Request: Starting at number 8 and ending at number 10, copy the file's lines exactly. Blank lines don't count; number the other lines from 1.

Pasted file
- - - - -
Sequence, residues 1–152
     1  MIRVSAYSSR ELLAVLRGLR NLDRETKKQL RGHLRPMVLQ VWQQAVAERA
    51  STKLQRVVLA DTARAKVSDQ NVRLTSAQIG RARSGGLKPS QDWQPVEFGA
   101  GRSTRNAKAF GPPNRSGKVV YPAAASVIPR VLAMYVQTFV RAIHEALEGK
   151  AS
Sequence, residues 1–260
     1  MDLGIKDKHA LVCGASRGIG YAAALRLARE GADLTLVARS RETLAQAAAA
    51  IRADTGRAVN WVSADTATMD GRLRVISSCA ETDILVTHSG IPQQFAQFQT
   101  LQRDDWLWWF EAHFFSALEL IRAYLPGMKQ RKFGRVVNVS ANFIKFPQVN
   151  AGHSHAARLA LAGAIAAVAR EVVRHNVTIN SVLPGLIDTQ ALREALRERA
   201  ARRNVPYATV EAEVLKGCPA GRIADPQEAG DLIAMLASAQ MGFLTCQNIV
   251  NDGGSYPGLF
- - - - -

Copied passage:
    51  IRADTGRAVN WVSADTATMD GRLRVISSCA ETDILVTHSG IPQQFAQFQT
   101  LQRDDWLWWF EAHFFSALEL IRAYLPGMKQ RKFGRVVNVS ANFIKFPQVN
   151  AGHSHAARLA LAGAIAAVAR EVVRHNVTIN SVLPGLIDTQ ALREALRERA